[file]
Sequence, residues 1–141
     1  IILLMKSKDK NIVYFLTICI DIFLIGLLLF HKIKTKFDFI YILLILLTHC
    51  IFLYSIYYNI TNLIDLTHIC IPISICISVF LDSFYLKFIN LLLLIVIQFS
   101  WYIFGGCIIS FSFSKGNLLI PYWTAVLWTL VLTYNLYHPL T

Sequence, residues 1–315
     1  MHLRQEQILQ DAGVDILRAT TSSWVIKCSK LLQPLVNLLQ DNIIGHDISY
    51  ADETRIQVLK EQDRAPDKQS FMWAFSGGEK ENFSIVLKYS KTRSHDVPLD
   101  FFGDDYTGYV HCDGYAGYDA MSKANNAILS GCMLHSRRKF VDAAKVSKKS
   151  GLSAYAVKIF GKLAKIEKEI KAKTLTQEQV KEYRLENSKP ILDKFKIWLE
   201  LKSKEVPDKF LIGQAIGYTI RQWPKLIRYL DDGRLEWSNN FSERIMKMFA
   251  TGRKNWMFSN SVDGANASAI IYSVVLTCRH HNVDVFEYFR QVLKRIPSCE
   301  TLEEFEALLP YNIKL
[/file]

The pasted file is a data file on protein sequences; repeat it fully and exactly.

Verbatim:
Sequence, residues 1–141
     1  IILLMKSKDK NIVYFLTICI DIFLIGLLLF HKIKTKFDFI YILLILLTHC
    51  IFLYSIYYNI TNLIDLTHIC IPISICISVF LDSFYLKFIN LLLLIVIQFS
   101  WYIFGGCIIS FSFSKGNLLI PYWTAVLWTL VLTYNLYHPL T

Sequence, residues 1–315
     1  MHLRQEQILQ DAGVDILRAT TSSWVIKCSK LLQPLVNLLQ DNIIGHDISY
    51  ADETRIQVLK EQDRAPDKQS FMWAFSGGEK ENFSIVLKYS KTRSHDVPLD
   101  FFGDDYTGYV HCDGYAGYDA MSKANNAILS GCMLHSRRKF VDAAKVSKKS
   151  GLSAYAVKIF GKLAKIEKEI KAKTLTQEQV KEYRLENSKP ILDKFKIWLE
   201  LKSKEVPDKF LIGQAIGYTI RQWPKLIRYL DDGRLEWSNN FSERIMKMFA
   251  TGRKNWMFSN SVDGANASAI IYSVVLTCRH HNVDVFEYFR QVLKRIPSCE
   301  TLEEFEALLP YNIKL